Iowa hospitals have received more than $500 million in federal relief payments, but the Iowa Hospital Association says those amounts won’t come close to making up lost revenue caused by the COVID-19 pandemic, especially for small, rural-access care hospitals.
About $16.7 million has been sent from the federal government to the hospitals in Oskaloosa, Pella and Knoxville from funding allocated by the CARES Act.
On June 3, IHA announced the state’s 118 hospitals stand to collectively lose as much as $2.17 billion in revenue by the end of the year. Gov. Kim Reynolds’ suspension of non-emergency surgery, elective procedures and other routine clinical visits in March, all of April and into the first part of May has caused significant financial losses.
For Knoxville Hospitals and Clinics, these services represent more than 60% of the hospital’s total revenue.
“The services that we did maintain were emergency services, inpatient services and others that were deemed to be critical, but those never pay very well,” says KHC CEO Kevin Kincaid. “We were basically shut down financially.”
Prior to the pandemic, KHC, a nonprofit community hospital, was recognized as one of the Top 100 Hospitals in the country. According to Kincaid, part of the recognition was because of their strong financial position.
“We were looking at setting yet another record financially this fiscal year,” says Kincaid. “We were doing really well, and we were pretty happy with our performance. But then along came COVID.”
Pella Regional Health Center and Mahaska Health were also financially strong prior to the pandemic, according to each hospital’s CEO. All three hospitals operate at a 25-bed capacity.
“We had some great volume months prior to the pandemic,” said Mahaska Health CEO Kevin DeRonde. “We had new providers start here and added new service lines.”
Many hospitals also had to furlough employees to help curb financial losses caused by the suspension. Kincaid says KHC furloughed about 40% of the hospital’s staff. In a written statement to the Oskaloosa Herald, Kroese says Pella Regional also reduced staffing “to preserve resources for the future.”
On the other hand, DeRonde says Mahaska Health did not furlough or reduce their staff.
“We re-allocated a lot of our employees throughout the hospital when volumes were low, whether that was cleaning facilities or expanding our environmental services,” says DeRonde.
HHS Provider Relief Fund
According to the Department of Health and Human Service’s (HHS) Provider Relief Fund database, the bipartisan CARES Act and the Paycheck Protection Program and Health Care Enhancement Act have provided $175 billion in relief funds across the nation to hospitals and other healthcare providers on the front lines of the coronavirus response.
Payment from the $50 billion general distribution, the $12 billion targeted allocation to high impact areas and the $10 billion targeted allocation to rural providers, as well as the $4.9 billion targeted to skilled nursing facilities, have been distributed by HHS through the Health Resources and Services Administration.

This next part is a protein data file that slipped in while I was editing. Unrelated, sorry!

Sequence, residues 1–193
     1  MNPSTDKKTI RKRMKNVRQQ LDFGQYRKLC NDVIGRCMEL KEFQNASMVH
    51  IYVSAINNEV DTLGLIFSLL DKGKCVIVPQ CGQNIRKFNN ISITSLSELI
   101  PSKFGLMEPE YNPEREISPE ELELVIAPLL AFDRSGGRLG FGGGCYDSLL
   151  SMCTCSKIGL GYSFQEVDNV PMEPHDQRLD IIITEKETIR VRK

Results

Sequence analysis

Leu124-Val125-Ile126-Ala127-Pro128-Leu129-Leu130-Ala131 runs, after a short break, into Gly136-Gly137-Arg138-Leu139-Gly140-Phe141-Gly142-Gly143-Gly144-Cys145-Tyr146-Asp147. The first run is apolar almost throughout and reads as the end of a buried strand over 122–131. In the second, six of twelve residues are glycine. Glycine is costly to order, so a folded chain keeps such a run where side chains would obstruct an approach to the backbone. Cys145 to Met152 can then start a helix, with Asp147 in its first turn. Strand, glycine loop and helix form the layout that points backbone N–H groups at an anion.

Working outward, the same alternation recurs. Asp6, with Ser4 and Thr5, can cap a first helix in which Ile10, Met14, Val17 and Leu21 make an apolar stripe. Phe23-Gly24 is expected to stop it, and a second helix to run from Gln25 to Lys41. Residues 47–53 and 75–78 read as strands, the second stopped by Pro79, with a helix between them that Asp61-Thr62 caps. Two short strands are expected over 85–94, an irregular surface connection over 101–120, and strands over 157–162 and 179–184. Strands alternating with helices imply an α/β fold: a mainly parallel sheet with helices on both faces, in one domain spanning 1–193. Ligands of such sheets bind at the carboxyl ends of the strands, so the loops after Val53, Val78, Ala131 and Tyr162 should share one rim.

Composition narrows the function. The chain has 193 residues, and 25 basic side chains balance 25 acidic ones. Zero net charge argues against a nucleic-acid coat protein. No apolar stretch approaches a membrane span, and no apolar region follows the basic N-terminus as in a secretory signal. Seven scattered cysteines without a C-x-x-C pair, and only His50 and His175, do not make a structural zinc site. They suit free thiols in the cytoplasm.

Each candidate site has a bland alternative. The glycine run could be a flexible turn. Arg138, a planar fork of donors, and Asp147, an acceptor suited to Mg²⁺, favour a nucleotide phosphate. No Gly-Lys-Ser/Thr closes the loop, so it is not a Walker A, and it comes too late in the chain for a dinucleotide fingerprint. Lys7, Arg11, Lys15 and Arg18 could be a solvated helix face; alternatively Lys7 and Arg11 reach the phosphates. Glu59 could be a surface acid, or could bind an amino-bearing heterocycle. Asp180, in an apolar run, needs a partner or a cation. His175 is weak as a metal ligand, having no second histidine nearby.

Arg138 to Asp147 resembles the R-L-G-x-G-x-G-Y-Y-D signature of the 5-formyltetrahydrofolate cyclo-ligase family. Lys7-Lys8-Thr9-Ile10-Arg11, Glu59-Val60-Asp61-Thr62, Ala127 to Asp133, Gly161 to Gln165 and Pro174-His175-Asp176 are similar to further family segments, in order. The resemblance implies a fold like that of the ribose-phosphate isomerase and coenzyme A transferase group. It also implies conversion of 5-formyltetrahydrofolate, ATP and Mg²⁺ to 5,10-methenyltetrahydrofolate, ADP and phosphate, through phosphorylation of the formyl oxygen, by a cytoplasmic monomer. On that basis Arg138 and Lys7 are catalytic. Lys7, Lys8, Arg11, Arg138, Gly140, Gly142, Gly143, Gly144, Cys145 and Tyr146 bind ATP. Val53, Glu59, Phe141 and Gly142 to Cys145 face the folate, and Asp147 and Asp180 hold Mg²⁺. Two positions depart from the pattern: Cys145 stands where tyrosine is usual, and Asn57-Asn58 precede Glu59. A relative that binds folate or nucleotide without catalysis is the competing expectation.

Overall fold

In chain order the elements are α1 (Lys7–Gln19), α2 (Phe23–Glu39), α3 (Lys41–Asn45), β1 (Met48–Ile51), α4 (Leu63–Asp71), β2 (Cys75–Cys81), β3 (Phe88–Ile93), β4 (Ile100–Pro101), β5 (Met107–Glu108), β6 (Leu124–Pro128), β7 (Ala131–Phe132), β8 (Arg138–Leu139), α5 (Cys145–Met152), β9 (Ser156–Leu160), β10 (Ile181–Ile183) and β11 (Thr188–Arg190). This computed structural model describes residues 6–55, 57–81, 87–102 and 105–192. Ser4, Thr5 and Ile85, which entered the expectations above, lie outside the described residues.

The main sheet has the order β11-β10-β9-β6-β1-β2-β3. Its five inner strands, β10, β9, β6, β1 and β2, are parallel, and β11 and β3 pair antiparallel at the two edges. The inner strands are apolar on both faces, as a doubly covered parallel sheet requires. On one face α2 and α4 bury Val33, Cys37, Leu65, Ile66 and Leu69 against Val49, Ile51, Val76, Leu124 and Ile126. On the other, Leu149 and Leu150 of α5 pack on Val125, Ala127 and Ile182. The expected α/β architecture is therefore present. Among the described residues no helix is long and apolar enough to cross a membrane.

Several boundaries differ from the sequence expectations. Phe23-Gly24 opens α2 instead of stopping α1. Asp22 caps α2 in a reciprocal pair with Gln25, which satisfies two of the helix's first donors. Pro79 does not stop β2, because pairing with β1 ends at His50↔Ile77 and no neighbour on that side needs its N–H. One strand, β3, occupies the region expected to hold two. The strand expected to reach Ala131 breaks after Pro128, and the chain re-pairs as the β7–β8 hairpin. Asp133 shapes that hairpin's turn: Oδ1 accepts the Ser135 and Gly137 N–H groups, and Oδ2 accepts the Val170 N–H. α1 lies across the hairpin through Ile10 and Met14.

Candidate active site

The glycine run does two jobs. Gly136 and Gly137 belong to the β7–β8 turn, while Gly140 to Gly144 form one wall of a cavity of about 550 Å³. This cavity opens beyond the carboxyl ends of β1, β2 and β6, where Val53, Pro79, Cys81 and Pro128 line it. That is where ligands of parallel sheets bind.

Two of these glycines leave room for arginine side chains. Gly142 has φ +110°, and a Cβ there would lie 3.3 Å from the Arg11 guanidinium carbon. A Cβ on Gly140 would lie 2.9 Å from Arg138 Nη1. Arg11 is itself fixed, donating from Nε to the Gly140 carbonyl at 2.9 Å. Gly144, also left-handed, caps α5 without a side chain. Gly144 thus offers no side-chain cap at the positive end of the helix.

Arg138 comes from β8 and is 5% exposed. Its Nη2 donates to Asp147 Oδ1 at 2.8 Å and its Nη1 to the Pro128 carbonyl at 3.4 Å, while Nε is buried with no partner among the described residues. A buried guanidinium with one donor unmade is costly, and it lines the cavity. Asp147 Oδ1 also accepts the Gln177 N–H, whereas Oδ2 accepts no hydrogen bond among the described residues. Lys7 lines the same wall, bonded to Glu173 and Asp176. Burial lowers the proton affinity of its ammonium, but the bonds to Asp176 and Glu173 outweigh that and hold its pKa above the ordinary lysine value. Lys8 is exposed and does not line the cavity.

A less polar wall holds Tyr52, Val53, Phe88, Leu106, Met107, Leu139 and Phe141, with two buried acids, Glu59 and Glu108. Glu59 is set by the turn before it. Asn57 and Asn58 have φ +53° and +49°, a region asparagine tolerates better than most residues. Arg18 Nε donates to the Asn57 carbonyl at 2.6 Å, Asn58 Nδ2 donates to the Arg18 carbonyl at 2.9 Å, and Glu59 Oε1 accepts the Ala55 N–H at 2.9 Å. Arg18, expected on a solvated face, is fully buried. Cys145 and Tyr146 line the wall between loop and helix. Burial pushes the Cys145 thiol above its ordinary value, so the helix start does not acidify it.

Iowa hospitals received $190.3 million in CARES Act relief fund payments alone in April and are expecting as much as $360 million more in the second round of federal relief aid.
According to the database, Mahaska Health has received $5,459,924 in federal relief payments. DeRonde says the hospital also applied for a Federal Emergency Management Agency (FEMA) grant.
“It’s been very helpful, especially during this time,” says DeRonde. “There’s also SBA [Small Business Administration] loan opportunities as well, along with PPP [Paycheck Protection Program] payment. Those funds have been available to us as well, and they’ve been very helpful during this interesting time.”
KHC also received federal relief payments, totaling $4,552,248. According to Kincaid, the first round of general distribution payments sustained the hospital for about two to three weeks of losses. The hospital also received funds from the $10 billion targeted allocation to rural providers, estimated at $3.8 million, says Kincaid. This second disbursement will carry the hospital for about 90 days.
“We’re really grateful for the money that we did receive, and it does carry us through probably the next three months pretty well,” says Kincaid. “We’re still concerned about what the future holds, but we’re pretty well taken care of through the month of July.”
Pella Regional Health Center also received federal relief payments, totaling $6,760,162. However, Kroese said he doesn’t know if that will be enough to cover lost patient revenue.
“Pella Regional did receive funds through the CARES Act relief fund and we expect the money to provide help for us,” he said in a prepared statement the hospital provided to the Oskaloosa Herald. “But we don’t know yet if it will be enough to cover lost patient revenue.”
All three hospitals declined to comment when the Oskaloosa Herald asked to provide their total number of financial losses so far. Knoxville Hospital’s CFO Maggie Hamilton-Beyer provided a ballpark average, saying COVID-19 had cost the hospital about $1 million to $1.5 million in net revenues per month.
On April 24, Gov. Reynolds allowed hospitals to resume non-emergency surgery, elective procedures and other routine clinical visits. Nonetheless, the future remains uncertain for hospitals across the state as demand hasn’t yet returned to normal.
“Things have not returned to normal, and we don’t expect them to for some time,” says Kincaid.